The Aleph Blog » Blog Archive » Problems with Constant Compound Interest (4) (and more)

Problems with Constant Compound Interest (4) (and more)

At the meeting of the eight bloggers and the US Treasury, one of the differences was whether the recovery was real or not.  The Treasury officials pointed to the financial markets, and the bloggers pointed at the real economy (unemployment and capacity utilization).

With T-bills near/below zero, I feel it is reasonable to trot out an old piece of mine about the last recession.  But I will quote most of it here:

I posted this on RealMoney on 5/6/2005, when everyone was screaming for the FOMC to stop raising rates because the “auto companies were dying.”

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On Oct. 2, 2002, one week before the market was going to turn, the gloom was so thick you could cut it with a knife. What would blow up next?

A lot of heavily indebted companies are feeling weak, and the prices for their debt reflected it. I thought we were getting near a turning point; at least, I hoped so. But I knew what I was doing for lunch; I was going to the Baltimore Security Analysts’ Society meeting to listen to the head of the Richmond Fed, Al Broaddus, speak.

It was a very optimistic presentation, one that gave the picture that the Fed was in control, and don’t worry, we’ll pull the economy out of the ditch. When the Q&A time came up, I got to ask the second-to-last question. (For those with a Bloomberg terminal, you can hear Broaddus’s full response, but not my question, because I was in the back of the room.) My question (going from memory) went something like this:

I recognize that current Fed policy is stimulating the economy, but it seems to have impact in only the healthy areas of the economy, where credit spreads are tight, and stimulus really isn’t needed. It seems the Fed policy has almost no impact in areas where credit spreads are wide, and these are the places that need the stimulus. Is it possible for the Fed to provide stimulus to the areas of the economy that need it, and not to those that don’t?

It was a dumb question, one that I knew the answer to, but I was trying to make a point. All the liquidity in the world doesn’t matter if the areas that you want to stimulate have impaired balance sheets. He gave a good response, the only surviving portion of it I pulled off of Bloomberg: “There are very definite limits to what the Federal Reserve can do to affect the detailed spectrum of interest rates,” Broaddus said. People shouldn’t “expect too much from monetary policy” to steer the economy, he said.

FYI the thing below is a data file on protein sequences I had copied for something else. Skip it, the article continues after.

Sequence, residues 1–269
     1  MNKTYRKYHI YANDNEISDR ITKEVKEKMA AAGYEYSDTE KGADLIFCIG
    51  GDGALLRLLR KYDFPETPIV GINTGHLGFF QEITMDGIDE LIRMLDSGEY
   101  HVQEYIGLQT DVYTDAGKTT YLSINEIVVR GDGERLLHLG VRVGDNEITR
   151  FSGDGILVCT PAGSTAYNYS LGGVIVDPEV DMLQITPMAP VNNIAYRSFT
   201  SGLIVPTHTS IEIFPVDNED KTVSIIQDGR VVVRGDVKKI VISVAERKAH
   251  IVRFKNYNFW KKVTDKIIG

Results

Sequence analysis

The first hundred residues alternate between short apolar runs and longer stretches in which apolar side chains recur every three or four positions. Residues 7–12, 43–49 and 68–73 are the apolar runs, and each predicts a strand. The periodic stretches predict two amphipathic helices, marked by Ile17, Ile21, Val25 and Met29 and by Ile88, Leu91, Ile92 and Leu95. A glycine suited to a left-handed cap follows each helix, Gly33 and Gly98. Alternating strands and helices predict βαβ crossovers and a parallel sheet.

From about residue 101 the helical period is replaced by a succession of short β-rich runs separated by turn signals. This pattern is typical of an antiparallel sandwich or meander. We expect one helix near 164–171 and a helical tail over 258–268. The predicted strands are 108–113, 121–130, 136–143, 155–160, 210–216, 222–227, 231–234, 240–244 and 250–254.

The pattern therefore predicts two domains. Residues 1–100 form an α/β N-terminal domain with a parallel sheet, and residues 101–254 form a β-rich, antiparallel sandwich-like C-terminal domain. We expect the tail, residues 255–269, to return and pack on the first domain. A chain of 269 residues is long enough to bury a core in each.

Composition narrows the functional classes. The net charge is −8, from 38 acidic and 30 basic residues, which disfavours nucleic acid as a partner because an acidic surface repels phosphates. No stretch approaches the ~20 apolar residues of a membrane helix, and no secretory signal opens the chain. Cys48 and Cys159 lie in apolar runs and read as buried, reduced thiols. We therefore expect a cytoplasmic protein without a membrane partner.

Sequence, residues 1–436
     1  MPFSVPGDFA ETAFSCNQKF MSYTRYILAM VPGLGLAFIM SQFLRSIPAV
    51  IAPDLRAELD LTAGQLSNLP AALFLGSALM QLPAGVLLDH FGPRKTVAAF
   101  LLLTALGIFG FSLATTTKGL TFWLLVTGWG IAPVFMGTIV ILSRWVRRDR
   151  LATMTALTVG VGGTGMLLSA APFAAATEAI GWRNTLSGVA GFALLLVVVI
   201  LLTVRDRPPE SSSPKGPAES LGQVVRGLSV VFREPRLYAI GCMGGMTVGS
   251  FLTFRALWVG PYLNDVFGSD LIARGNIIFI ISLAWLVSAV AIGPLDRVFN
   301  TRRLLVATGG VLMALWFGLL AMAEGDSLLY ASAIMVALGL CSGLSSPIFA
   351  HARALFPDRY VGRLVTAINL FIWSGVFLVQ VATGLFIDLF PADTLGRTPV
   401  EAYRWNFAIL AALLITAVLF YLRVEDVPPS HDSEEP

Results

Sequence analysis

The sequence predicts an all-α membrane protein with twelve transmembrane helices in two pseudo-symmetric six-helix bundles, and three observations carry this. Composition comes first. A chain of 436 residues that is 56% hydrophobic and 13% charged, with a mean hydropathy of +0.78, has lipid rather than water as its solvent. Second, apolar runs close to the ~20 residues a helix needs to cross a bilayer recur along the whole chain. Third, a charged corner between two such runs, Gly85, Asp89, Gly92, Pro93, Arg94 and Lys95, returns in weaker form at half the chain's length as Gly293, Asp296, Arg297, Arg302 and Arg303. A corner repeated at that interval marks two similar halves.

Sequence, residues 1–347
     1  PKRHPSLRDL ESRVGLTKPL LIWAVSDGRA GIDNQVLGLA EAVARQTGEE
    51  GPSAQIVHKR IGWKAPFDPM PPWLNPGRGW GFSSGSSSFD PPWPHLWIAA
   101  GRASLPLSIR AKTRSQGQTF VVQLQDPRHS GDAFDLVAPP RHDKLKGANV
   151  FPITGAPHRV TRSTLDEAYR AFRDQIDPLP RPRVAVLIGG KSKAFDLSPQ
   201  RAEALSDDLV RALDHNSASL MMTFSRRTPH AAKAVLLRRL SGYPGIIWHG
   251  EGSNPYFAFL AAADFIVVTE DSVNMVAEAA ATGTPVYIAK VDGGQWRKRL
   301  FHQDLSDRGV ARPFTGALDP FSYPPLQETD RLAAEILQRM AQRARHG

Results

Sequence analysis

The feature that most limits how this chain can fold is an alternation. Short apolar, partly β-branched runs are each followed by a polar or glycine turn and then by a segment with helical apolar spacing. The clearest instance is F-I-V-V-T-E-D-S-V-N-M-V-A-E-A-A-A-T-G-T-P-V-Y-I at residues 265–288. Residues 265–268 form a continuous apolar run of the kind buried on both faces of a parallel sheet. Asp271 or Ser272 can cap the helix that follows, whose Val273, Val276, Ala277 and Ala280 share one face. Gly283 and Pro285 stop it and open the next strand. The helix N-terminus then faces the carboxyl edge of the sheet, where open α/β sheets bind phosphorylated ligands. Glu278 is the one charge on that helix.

When I got back to the office, I had a surprise. Treasury bonds had rallied fairly strongly, though corporates were weak as ever and stocks had fallen further. Then I checked the bond news to see what was up. Bloomberg had flashed a one-line alert that read something like, “Broaddus says don’t expect too much from monetary policy.” Taken out of context, Broaddus’s answer to my question had led to a small flight-to-safety move. Wonderful, not. Around the office, the team joked, “Next time you talk to a Fed Governor, let us know, so we can make some money off it?”

PS —  Before Broaddus answered, he said something to the effect of: “I’m glad the media is not here, because they always misunderstand the ability of the Fed to change things.”  A surprise to the Bloomberg, Baltimore Sun, and at least one other journalist who were there.

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And now to the present application:

Why are commodities rising amid surplus conditions in storage?  Why is it reasonable to take over corporations when it is not reasonable to expand organically?  We are in a position where yields on short  Treasuries are nonexistent, investment grade and junk yields are low for corporates, and equities are rallying, but there is little growth, or some shrinkage in productive capacity.  Why?

The liquidity offered by the Fed is being used by speculators for financial positions, levering up relatively safe positions, rather than speculating on areas that are underwater, like housing and commercial real estate.  This is consistent with prior experience.  When the Fed does not allow a significant recession to occur, one proportionate to the amount of bad loans made, but comes to the rescue to reflate, what gets reflated is the healthy parts of the economy that absorb additional leverage, not the part that is impaired because they can’t benefit from low rates.  They have too much debt already relative to the true value of their assets.